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  • Melancholic Biology: Prozac, Freud, and Neurological Determinism
  • Elizabeth A. Wilson (bio)

One of Peter Kramer’s central case histories in his 1993 bestseller Listening to Prozac is the story of a young woman named Lucy. Kramer tells us that her history is dominated by one event: “When Lucy was ten and living in a third-world country where her father was stationed, she came home to find her mother dead, shot by a young manservant—a beloved and trusted member of the household—who had become crazed and violent. Lucy showed no immediate reaction to this ghastly occurrence. She remained a productive, well-liked girl.” 1 As an adult, Lucy developed a heightened sensitivity to loss and rejection, and she came to see Kramer in order to deal with this crippling oversensitivity. Her treatment with Kramer involved both psychotherapy and the use of the SSRI (selective serotonin reuptake inhibitor) antidepressants Prozac and Zoloft.

In summarizing her case, Kramer opens up a key question about psychobiology:

Lucy had harbored a kernel of vulnerability that the psychotherapy did not touch. It was as if psychological trauma—the mother’s death, and then the years of struggle for Lucy and her father—had produced physiological consequences for which the most direct remedy was a physiological intervention. But how does psychic trauma become translated into a functionally autonomous, biologically encoded personality trait? How can a mother’s death become a change in serotonergic pathways? 2 [End Page 403]

It is this last question—how can a mother’s death become a change in serotonergic pathways?—that strikes me as pivotal, not simply to Kramer’s project, but also to a number of contemporary critical and political considerations. In asking this question, Kramer invokes a series of long-familiar debates about the relation of psychology to biology. For many critics, his intimate juxtaposition of a mother’s death and serotonergic pathways indicates a dangerous tendency to neurological determinism; many of us suppose that we already know what the answer to Kramer’s question will be. 3 Inevitably, we suspect, the complex psychological trauma of a mother’s death will be brought under the sway of synapses, neurotransmitters, and cortical pathways—a process that Kramer himself names “the remarkable imperialism of the biological.” 4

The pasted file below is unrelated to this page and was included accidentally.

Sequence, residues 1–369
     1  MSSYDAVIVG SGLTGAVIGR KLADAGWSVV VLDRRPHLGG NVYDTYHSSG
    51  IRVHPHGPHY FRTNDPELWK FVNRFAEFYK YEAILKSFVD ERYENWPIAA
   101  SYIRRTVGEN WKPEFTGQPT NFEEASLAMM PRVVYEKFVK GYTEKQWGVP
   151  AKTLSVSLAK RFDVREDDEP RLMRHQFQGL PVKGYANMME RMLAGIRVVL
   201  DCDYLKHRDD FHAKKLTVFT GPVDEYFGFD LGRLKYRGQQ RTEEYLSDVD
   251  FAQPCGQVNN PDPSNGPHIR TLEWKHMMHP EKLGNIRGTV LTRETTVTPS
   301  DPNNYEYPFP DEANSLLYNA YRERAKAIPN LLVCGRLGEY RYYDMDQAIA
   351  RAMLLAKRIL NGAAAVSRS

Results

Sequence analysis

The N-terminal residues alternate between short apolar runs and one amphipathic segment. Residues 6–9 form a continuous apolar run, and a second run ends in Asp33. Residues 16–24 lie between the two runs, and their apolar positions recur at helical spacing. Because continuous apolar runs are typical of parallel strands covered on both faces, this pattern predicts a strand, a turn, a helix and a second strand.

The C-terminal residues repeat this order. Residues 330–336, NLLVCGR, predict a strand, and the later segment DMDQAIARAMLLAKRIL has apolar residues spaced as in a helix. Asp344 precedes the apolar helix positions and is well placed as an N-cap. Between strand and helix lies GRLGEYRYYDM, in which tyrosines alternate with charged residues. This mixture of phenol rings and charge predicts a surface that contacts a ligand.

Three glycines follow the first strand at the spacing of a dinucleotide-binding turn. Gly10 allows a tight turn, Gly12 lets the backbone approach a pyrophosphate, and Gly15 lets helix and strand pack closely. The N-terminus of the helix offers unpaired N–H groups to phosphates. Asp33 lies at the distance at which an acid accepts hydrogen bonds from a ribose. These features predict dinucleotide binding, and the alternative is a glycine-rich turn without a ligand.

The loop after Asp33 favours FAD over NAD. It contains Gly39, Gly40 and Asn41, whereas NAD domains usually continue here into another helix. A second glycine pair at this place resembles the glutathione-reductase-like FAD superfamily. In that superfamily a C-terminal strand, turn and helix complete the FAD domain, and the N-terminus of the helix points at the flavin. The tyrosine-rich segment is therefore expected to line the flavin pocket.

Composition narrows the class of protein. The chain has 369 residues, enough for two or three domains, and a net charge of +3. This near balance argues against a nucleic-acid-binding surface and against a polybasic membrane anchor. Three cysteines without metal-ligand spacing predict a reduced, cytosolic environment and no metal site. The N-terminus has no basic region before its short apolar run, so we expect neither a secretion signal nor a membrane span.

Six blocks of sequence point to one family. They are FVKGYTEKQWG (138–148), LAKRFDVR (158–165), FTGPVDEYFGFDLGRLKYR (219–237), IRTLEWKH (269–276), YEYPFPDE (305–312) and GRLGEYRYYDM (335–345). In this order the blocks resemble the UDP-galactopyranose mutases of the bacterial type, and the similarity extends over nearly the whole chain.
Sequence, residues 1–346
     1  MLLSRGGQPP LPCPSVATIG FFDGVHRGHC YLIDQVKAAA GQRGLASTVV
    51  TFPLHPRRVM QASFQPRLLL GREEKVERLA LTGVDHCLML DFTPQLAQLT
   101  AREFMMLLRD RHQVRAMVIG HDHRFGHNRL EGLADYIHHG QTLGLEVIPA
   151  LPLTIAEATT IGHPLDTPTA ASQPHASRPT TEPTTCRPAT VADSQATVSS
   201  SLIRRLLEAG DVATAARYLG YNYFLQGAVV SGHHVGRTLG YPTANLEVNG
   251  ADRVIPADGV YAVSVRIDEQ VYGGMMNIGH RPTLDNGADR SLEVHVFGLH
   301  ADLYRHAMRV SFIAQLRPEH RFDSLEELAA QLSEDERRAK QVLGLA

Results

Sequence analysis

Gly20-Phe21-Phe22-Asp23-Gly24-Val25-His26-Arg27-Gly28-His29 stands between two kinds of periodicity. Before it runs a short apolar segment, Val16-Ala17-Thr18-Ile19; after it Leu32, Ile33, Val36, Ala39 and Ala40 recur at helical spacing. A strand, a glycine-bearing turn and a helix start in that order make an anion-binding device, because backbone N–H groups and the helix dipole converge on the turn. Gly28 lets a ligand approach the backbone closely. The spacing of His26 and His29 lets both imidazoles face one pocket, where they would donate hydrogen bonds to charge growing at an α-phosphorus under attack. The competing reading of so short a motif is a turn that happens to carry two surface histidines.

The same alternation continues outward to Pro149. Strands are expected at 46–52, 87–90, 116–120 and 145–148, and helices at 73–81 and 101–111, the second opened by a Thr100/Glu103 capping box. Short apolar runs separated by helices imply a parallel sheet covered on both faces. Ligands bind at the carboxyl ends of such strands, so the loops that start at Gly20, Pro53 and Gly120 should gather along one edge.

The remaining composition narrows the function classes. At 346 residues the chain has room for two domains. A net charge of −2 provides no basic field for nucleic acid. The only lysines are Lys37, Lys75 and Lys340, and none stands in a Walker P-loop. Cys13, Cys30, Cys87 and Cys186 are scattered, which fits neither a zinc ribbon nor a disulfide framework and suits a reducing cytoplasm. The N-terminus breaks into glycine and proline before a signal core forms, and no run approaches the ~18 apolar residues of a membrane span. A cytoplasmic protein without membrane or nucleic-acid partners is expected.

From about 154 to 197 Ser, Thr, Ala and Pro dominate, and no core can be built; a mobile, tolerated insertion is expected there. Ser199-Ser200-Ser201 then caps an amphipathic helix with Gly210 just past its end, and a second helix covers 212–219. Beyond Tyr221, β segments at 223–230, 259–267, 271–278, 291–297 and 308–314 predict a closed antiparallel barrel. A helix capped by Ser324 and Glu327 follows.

In this paper I would like to show how Kramer’s hypotheses concerning the neuropsychology of depression lead in entirely different directions, both biologically and analytically. Specifically, I am interested in his interpretation of depression as a weakened neurological state. By juxtaposing Kramer’s Listening to Prozac with Freud’s theories of neurasthenia (nervous weakness), I am seeking to amplify the generative neurological ontologies that these authors advocate. If the relation between neurology and psychology is now near-unanimously [End Page 404] declared to be a complex one, the nature of these interrelating components has been less carefully examined. Are they two discrete forces that enter into a complex, yet fundamentally straight, relation? Or is their relationality somehow integral to their very nature? Moreover, what relations of influence operate between such co-implicated domains?

Kramer’s and Freud’s elucidations of the neuro/psychological interface suggest that the interaction of neurological and psychological forces is an “originary” and constitutive structuration. It is this that marks their accounts as both distinctive and instructive; for within such a structure, forces of influence and determination are more mutually entangled than the critics of neurological determinism have hitherto acknowledged. Kramer’s and Freud’s accounts of neurology are illuminating for a critical assessment of the biopsychological sciences because they restage the routine critical claims that neurological theories are always politically dangerous or imperialistic, that biology is a discursive ruse, or that the final word on any biopsychological event must always lie in the domain of social or cultural analysis. Importantly, this restaging is accomplished, not through the re-citation of long-familiar antideterminist axioms, but through the iterative repositioning of the neurological hypotheses themselves.

Nervous Weakness

Neurasthenia means “nervous weakness,” and it is a disorder commonly associated with “civilized” culture at the end of the nineteenth century. Speaking clinically, neurasthenia is a debility of the nerves causing fatigue, headaches, indigestion, constipation, listlessness, and impoverishment of sexual...

Additional Information

ISSN
1080-6520
Print ISSN
1063-1801
Pages
pp. 403-419
Launched on MUSE
1999-09-01
Open Access
No
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